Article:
I got a lot of great ideas and questions I should have been asking. However i feel that the book is lacking somthing. but the killer sales questions are great and have come in handy
i think its very important for any one starting his life as a sales man or a business man to listen or read this book, grate lessons and very simple yet important points that will take you many years and mistakes to gather.
Short useful and to the point.
Generally, I thought this book offered some solid advice. Experienced sales people may find it a little too basic, but for someone trying to transition into sales, like an engineer moving into business development, it's an excellent primer.
I got a few good nuggets out of it, but it's not the rainmaking gospel I thought it would be. I was looking for something geared more toward how professional services firms build consistent business. My interpretation of a rainmaker is someone at a partner or principal level that provides consistent business for the firm. This book is geared more toward the average salesman.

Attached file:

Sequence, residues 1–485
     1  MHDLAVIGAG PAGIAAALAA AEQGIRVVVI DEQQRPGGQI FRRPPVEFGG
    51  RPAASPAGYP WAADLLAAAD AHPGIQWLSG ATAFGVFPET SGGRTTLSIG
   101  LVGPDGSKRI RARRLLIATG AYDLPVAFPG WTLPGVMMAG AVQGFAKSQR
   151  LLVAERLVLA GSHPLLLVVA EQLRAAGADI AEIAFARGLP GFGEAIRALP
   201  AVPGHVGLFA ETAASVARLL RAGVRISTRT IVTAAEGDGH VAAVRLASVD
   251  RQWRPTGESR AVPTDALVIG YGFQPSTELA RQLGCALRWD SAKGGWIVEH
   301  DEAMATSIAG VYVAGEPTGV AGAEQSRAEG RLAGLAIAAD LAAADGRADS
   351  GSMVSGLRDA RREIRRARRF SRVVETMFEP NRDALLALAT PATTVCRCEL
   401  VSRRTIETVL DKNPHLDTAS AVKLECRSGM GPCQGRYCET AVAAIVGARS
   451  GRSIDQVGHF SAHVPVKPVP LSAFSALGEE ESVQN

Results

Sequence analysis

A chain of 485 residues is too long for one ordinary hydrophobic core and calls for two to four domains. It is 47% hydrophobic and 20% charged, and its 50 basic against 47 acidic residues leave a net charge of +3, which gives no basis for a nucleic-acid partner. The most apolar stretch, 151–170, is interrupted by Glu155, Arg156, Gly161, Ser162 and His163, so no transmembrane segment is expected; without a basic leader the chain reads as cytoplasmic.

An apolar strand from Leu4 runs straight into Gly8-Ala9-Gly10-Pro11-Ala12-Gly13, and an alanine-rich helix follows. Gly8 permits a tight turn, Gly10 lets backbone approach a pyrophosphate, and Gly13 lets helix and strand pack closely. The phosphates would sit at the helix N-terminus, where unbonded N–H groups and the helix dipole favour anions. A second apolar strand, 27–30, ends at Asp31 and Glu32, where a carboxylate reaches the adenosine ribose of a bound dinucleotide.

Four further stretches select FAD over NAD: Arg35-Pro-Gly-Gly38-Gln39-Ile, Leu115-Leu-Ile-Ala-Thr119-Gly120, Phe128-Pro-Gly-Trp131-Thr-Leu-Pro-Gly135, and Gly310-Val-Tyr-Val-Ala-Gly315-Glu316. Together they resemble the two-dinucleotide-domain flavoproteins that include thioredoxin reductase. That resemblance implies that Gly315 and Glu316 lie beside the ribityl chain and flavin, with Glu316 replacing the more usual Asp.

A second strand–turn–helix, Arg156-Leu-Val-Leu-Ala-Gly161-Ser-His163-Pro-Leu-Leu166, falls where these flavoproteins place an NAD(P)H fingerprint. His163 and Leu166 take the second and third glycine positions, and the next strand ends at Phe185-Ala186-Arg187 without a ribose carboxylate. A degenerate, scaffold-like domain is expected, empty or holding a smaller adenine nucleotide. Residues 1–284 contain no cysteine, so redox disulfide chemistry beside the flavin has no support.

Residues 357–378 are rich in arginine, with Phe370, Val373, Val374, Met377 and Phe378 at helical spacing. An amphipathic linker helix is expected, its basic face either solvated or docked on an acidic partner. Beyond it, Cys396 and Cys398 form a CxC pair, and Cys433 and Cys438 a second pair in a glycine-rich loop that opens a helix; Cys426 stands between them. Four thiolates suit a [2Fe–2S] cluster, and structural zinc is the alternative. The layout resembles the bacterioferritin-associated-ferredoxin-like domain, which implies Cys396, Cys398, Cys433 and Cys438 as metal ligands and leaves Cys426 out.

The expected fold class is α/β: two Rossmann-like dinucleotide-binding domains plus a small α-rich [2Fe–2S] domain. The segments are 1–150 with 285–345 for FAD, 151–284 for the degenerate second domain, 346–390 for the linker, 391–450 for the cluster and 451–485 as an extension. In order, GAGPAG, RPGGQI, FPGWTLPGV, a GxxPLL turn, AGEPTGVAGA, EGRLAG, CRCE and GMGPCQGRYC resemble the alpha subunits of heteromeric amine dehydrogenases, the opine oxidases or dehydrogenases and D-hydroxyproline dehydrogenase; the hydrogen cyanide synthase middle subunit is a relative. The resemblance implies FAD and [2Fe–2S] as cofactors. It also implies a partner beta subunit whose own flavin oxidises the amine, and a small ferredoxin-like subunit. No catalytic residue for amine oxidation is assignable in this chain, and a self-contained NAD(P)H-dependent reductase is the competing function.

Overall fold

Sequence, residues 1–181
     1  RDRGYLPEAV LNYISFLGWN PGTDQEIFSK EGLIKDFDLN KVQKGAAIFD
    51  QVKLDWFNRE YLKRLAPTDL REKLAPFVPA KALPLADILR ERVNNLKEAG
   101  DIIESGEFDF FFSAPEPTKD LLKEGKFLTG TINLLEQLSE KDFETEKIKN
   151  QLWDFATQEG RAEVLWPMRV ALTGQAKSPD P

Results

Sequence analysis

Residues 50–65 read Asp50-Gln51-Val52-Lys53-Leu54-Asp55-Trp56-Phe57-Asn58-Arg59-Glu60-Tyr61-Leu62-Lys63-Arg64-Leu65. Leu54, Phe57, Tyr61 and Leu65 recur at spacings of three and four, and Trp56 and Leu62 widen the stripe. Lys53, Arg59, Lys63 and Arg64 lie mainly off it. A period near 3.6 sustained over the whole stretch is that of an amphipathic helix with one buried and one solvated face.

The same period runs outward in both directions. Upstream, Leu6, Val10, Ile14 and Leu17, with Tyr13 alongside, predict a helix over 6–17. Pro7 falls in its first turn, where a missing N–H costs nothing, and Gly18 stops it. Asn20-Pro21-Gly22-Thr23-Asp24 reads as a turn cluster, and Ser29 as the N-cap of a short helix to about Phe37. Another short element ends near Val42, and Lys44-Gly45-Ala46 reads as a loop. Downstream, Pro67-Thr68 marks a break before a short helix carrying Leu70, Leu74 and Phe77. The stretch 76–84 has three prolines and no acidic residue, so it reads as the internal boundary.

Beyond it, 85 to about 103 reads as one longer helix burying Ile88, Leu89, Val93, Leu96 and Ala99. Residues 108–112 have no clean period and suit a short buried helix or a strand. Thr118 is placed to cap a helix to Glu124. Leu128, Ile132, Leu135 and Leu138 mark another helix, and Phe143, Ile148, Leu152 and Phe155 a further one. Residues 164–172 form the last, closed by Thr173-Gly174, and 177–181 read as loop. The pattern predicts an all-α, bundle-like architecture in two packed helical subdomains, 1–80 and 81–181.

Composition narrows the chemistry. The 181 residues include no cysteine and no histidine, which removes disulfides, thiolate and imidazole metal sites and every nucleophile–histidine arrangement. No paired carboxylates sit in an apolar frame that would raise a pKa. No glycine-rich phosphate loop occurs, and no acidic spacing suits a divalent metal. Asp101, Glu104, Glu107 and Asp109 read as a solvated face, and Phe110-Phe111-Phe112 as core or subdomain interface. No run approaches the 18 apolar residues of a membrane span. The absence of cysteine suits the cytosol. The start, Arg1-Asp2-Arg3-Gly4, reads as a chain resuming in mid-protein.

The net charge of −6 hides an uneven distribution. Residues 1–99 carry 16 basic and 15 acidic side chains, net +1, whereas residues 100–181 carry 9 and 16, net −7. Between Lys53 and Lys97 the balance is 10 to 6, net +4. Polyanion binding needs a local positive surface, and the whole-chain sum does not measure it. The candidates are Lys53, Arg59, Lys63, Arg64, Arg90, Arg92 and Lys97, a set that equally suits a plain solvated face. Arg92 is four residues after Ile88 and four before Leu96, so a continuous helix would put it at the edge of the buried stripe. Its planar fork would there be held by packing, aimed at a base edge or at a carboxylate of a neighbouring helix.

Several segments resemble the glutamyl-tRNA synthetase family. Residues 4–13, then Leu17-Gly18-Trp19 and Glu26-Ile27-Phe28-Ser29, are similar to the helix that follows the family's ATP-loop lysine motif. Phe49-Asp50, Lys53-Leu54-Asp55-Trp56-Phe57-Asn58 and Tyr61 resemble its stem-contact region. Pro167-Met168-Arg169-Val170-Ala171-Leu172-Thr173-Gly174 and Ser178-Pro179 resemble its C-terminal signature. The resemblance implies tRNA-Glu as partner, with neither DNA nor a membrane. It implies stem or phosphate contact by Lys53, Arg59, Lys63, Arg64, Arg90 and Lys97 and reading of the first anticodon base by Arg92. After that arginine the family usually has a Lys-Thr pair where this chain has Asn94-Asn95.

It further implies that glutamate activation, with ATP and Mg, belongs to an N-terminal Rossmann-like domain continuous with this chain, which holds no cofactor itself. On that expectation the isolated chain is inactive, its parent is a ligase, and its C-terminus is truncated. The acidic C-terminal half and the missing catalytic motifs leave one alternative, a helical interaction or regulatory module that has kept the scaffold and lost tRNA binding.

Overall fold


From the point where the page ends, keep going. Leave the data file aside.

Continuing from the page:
I have run my small business for over 25 years now, but most of our work has been through referrals and word of mouth. The time has come to do more outgoing sales and thus I've been reading and listening to things to help me become a salesman, or in this case a rainmaker.
I've listened twice now, the second time bookmarking sections as I listened, then going back a third time and listening to the bookmarked sections and taking notes.
Some highlights of the book:
The Pre call planning list. This really helped me to go into a call prepared, prepared to get my points of differences across, to express meaningful benefits, to anticipate concerns and objections. An objection can be turned to an objective. If the prospect says our prices are too high I could say "So our objective is to get you the product you want with a pricing arrangement that works for you, correct?"
The point system. Getting leads, appointments, meetings or commitments.
Understanding that when I have an arranged call or meeting with someone that the work is far along already. They wouldn't be talking to me if they weren't interested in our services. They want something, they need something, they have a problem. My job is to find out what that is. To "onionize" peel back the layers of the onion with questions to find out what is important to them.
Well read, well thought out ideas. I highly recommend this book.
"Great practical advice"
Although like most titles in the marketplace this book is 'a bit American' for many Brits, I found it very interesting and am convinced that the information can be applied succesfully when tailored a bit for local tastes. I rate this as one of the very best business books that I have listened to because it delivers the all important ingredient of business success - making the cash registers ring!